As Australia Day approaches, it’s a good time to reflect on our attitudes to alcohol and the role it plays in our lives.
For many, backyard cricket, barbeques and spending time with friends have become a tradition on Australia Day. Unfortunately, so too have excessive drinking, accidents and violence.
The most recent VicHealth Indicators Survey found that too many Victorians drink too much alcohol and drink more around public holidays like Australia Day.
The study, conducted in 2015 and published in November 2016, surveyed 23,000 Victorian adults aged 18 years and older and revealed that a considerable number are drinking a LOT of alcohol.
Almost 500,000 Victorians drink 11 or more drinks on a single occasion – the equivalent of a bottle and a half of wine, or half a bottle of hard liquor – and they’re doing this on a monthly basis.
Drinking four drinks on a single occasion doubles your relative risk of an alcohol-related injury and the relative risk rises more rapidly after four drinks. It’s very concerning that almost half a million Victorians regularly put themselves at very high risk of an alcohol-related injury from drinking such high levels of alcohol.
Our acceptability of getting drunk on Australia Day and the tendency for people to drink excessively also contributes to the significant increases in alcohol-related incidents in the lead up to and on most public holidays.
One third of Victorians still think it’s okay to get drunk to celebrate a public holiday and on the weekend of a public holiday.
VicHealth’s Community Attitudes Survey in 2015 revealed that 20 per cent of Victorians who drink alcohol said they would probably get drunk over the Australia Day long weekend.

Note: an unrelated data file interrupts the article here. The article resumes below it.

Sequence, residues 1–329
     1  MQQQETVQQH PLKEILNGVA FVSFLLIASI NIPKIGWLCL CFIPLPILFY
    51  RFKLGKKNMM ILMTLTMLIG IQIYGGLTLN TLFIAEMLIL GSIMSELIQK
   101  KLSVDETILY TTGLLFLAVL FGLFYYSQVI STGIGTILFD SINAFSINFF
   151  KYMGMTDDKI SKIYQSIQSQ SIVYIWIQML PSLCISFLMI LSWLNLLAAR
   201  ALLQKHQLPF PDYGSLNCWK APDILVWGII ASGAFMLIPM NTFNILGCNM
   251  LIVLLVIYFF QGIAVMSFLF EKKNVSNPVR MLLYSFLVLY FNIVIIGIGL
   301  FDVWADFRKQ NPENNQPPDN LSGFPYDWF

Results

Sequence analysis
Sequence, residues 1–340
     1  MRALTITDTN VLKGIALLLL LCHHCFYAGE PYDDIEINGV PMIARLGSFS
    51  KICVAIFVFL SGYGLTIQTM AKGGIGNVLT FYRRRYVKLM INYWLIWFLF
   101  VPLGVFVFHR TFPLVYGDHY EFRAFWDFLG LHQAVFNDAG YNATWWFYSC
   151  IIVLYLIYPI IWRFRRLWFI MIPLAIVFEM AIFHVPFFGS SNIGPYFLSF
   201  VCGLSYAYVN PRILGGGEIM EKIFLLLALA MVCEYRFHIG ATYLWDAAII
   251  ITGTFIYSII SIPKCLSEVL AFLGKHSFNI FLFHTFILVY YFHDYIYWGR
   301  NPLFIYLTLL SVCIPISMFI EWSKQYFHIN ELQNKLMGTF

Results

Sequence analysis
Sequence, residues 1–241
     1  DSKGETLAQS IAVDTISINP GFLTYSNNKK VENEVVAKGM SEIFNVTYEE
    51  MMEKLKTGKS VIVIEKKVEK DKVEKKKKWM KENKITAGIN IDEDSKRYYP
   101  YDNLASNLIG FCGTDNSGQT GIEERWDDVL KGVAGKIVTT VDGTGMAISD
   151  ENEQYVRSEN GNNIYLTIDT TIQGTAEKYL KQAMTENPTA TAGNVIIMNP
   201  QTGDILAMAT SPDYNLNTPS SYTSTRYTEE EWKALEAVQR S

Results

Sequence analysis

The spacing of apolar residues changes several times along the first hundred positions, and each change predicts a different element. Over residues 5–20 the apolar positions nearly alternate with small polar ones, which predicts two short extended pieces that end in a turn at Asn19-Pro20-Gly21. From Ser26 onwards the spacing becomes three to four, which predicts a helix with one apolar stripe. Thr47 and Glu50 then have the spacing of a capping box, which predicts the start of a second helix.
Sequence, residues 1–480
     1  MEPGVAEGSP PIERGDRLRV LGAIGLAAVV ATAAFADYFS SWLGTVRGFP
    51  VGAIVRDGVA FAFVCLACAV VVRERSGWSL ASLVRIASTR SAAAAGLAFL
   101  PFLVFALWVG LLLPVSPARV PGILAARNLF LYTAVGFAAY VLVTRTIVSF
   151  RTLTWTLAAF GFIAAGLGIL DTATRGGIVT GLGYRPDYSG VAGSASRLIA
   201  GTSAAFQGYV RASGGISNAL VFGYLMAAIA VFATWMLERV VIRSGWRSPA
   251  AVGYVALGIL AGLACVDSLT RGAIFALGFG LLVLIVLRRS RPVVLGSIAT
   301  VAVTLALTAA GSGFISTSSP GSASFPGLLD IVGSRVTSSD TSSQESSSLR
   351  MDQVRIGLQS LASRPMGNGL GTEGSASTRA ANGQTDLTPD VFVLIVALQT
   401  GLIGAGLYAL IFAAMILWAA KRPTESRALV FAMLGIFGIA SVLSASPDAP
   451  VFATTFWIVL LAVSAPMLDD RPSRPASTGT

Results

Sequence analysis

While we are working to address the societal pressure to get drunk, we are hampered by alcohol being so cheap, readily available and widely promoted.
Most of the alcohol that will be bought this Australia Day will be takeaway packaged liquor from one of Victoria’s 2,033 bottle shops.
Many retailers have been running big promotions since last week, making specific reference to Australia Day bargains.
Not only is there no limit to purchases, but the deals are often better, the more you buy.
And research consistently shows that the cheaper and more widely available grog is, the greater the rate of harm from alcohol-associated assault, family violence, chronic disease, and binge drinking.
So the sad, dark side of our national celebration is a traditionally higher rate of alcohol-related harm around Australia Day.
To change this sorry tale, one of the things we need to do is change our reputation as a liquor licence capital of Australia.
We have one liquor licence in Victoria for every 280 people now, and many in disadvantaged communities – do we really need any more?
This Australia Day, it’s more important than ever to remember you don’t need to drink to have a good time, or to be a real Aussie.